State-of-the-art cycling facilities at Glasgow’s Skypark have been awarded a CyclingScore Platinum rating for a best-in-class cycle-friendly infrastructure, the highest certification awarded by the assessor.

About Skypark

The recently completed facilities, comprising upwards of 250 bike-parking spaces, e-bike charging points, 236 lockers, segregated showers and changing facilities, a drying room, along with a dedicated cycle repair space and a raft of engagement services, will serve occupants choosing to cycle to and from Skypark.

The project, managed by Workman, transforms Skypark into “Glasgow’s biggest and most cycle-friendly” private business destination, according to owner Federated Hermes. The installation of the new cycling facilities – one element of an ongoing multi-million-pound investment to improve the overall site – benefitted from a £30k grant from Cycling Scotland. The initial design of the new cycling facilities was carried out by CyclingScore Design Lab, in conjunction with Ingram Architecture, who collaborated closely with Workman to achieve the desired outcome.

Craig Watson, associate, Workman, said:

“There has been a real energy behind this project, with cycling becoming an increasingly popular way to commute. The new facilities demonstrate an outstanding commitment to cycling, and mean that Skypark has set new standards as a destination workplace, where health and wellbeing will undoubtedly thrive.”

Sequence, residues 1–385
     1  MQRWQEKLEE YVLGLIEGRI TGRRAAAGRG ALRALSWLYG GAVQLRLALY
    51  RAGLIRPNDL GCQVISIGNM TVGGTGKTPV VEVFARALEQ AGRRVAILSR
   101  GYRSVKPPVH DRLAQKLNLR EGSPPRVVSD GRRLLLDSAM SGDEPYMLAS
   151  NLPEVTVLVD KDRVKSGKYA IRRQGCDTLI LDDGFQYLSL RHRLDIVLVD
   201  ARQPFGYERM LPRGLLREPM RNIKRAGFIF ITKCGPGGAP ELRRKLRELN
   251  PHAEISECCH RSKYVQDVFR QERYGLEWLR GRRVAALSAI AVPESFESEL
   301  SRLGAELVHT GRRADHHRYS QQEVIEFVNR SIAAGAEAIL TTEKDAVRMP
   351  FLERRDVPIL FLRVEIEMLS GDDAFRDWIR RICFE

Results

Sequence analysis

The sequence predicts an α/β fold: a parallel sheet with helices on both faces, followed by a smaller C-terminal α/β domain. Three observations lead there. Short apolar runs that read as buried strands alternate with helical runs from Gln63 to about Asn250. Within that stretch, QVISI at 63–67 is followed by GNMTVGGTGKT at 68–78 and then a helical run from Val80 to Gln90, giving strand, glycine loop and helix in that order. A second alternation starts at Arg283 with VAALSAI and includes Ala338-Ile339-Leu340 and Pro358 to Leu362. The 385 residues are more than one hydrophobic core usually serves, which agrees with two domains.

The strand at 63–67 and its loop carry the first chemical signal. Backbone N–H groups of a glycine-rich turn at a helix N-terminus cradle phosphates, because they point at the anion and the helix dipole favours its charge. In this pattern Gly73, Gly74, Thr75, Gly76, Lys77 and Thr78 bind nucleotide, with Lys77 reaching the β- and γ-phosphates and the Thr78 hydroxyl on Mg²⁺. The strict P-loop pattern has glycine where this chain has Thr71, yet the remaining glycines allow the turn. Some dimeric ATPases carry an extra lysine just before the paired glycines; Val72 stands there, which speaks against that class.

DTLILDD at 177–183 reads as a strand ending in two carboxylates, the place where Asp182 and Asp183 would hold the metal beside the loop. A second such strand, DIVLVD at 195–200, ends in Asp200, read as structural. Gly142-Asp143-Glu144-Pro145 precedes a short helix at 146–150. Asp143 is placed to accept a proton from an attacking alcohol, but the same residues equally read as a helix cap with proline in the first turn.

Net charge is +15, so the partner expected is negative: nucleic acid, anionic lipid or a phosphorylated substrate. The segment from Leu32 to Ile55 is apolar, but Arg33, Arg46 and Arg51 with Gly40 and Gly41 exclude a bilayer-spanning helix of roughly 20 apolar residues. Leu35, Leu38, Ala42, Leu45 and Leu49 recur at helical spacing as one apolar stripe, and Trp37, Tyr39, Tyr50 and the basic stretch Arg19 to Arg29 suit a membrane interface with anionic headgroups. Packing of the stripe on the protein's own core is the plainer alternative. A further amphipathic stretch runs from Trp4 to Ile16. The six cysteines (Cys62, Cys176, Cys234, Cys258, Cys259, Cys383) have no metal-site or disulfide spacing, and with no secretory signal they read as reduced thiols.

A boon to worker performance

The facilities, says CyclingScore, means Skypark’s 3000-strong workforce is predicted to take 146 days’ less sick leave when 3% of staff cycle to work because cyclists take on average 1.3 days less sick leave than non-cyclists, based on a commuter-cycling study led by Ingrid Hendriksen. This, in turn, may save approximately £14,509 per year, due to the estimated cost of an employee being absent from work being calculated at £100 per day. This according to the Impact of the Cycle to Work Scheme: Evidence Report. Institute of Employment Studies, UK.

What’s more, even with just 3% of the total staff cycling to work, the building is projected to generate 3,223kg fewer greenhouse gases. Compare this with using public transport to travel to work in Glasgow, according to research by CyclingScore.